Perfect positioning on the green

15 Ways to Improve Your Golf Ball Position

Tips for Improving Your Golf Ball Positioning

Golf is a sport with countless variations, including club types, shaft designs, apparel, stances, swing planes, and ball flight rules, just to mention a few. The golf jargon can be confusing to someone just starting in the sport. 

There is one point in the golf swing where you have total control: the set-up. The golf swing and everything that influences it are among the most complicated motions in any sport. Anyone can set themselves up exactly to play the ideal golf shot with the correct advice and practice, but the execution is when things become problematic.

The placement of the golf ball is one of the setup's most essential components and getting it right may make or break your swing before you even move the club. 

So, where in your stance should the ball be?

When playing a wedge shot, the golf ball must be positioned in the center of your feet, but as you advance into the mid-irons, this should be slightly shifted forward of center. The ball should be around a clubhead inside your left foot when using longer clubs, such as hybrids and woods (for a right-hander). Last but not least, the ball should be teed up inside the left heel when using a driver. I want to show you the importance of the golf ball’s position during your game.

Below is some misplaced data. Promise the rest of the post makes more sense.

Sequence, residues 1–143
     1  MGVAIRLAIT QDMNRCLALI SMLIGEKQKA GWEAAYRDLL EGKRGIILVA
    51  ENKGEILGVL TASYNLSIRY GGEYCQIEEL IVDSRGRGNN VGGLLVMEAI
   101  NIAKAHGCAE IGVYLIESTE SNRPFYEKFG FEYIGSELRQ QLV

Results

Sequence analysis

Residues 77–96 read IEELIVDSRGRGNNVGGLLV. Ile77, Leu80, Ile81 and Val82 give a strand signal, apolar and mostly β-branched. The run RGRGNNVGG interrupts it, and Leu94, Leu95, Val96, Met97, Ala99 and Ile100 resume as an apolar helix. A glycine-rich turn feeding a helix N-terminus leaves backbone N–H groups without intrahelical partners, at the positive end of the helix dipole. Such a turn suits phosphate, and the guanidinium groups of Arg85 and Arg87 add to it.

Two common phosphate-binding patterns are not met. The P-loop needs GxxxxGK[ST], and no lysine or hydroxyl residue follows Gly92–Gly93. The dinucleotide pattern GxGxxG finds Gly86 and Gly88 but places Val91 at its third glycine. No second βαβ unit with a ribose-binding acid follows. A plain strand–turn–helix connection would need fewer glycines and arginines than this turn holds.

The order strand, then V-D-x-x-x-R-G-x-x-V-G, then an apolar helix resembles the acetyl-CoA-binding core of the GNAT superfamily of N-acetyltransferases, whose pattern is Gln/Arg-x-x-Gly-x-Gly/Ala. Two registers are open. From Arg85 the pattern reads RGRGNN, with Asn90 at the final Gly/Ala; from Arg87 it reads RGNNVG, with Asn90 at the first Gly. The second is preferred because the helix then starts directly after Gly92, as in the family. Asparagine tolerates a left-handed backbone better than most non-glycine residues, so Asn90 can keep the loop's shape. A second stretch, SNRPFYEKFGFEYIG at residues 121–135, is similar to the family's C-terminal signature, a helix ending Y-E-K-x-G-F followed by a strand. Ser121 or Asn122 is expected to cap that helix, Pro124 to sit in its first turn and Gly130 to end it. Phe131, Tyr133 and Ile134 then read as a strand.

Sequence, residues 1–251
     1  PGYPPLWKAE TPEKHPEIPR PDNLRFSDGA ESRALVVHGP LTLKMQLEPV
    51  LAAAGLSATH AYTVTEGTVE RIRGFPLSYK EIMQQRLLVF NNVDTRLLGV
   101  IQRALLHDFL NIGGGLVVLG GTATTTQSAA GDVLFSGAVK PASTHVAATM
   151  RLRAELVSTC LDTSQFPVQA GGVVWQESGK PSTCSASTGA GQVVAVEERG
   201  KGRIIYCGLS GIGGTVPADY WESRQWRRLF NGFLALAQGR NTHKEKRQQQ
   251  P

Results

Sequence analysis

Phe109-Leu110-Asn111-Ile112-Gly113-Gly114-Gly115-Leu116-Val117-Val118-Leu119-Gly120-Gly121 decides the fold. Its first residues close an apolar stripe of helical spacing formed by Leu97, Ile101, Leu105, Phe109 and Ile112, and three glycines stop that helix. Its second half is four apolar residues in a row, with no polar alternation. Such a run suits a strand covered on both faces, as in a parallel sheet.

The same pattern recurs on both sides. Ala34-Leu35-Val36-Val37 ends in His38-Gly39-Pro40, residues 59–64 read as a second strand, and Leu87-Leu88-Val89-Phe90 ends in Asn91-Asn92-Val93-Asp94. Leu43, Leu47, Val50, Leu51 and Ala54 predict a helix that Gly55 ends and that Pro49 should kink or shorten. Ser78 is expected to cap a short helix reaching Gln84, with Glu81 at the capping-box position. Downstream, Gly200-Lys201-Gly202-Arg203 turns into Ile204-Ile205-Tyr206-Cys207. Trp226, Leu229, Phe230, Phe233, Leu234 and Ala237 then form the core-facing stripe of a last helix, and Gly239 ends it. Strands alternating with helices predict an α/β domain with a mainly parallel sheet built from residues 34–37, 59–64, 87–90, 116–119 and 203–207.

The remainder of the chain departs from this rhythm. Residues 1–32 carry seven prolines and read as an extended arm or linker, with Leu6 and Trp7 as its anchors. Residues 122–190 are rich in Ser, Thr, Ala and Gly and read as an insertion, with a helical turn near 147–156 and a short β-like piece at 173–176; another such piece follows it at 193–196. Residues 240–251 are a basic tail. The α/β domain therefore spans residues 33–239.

Wedges, Irons, Woods, and Driver

For higher lofted clubs, the golf ball will often start in the middle of your stance before moving forward to the left heel (for a right-handed player's driver. The bulk of the creeping forward during the stance occurs within a few balls-width of center, but it's important to keep in mind that this shouldn't be a steady transition since when hitting the driver, you should make a big leap forward.

The Graves Golf Alignment and Ball Position Trainer are fantastic training tools that you can use to improve your set-up position with every club. To get the most significant results, you should place your feet exactly where the marks on this device indicate for each club. But if you don't want to spend money on a training tool, keep reading because I'll go into great detail about where the ball should be placed for each club in the bag.

Wedges and Short Irons

Ball placement for wedges around an 8-iron should be very close to the center of your stance. Some golfers may even like to hit wedges with the ball slightly off-center, which is acceptable with longer lofted clubs but not advised for anything longer than a mid-iron. Using some of the best wedges in the industry will also help to improve your game to another level; Titleist Vokey SM9, Cleveland CBX Zipcore Wedges, and Callaway Jaws Mack Daddy are to name some of the best wedges, as well as some of the Most Forgiving Irons that can be found in Golf Superstore.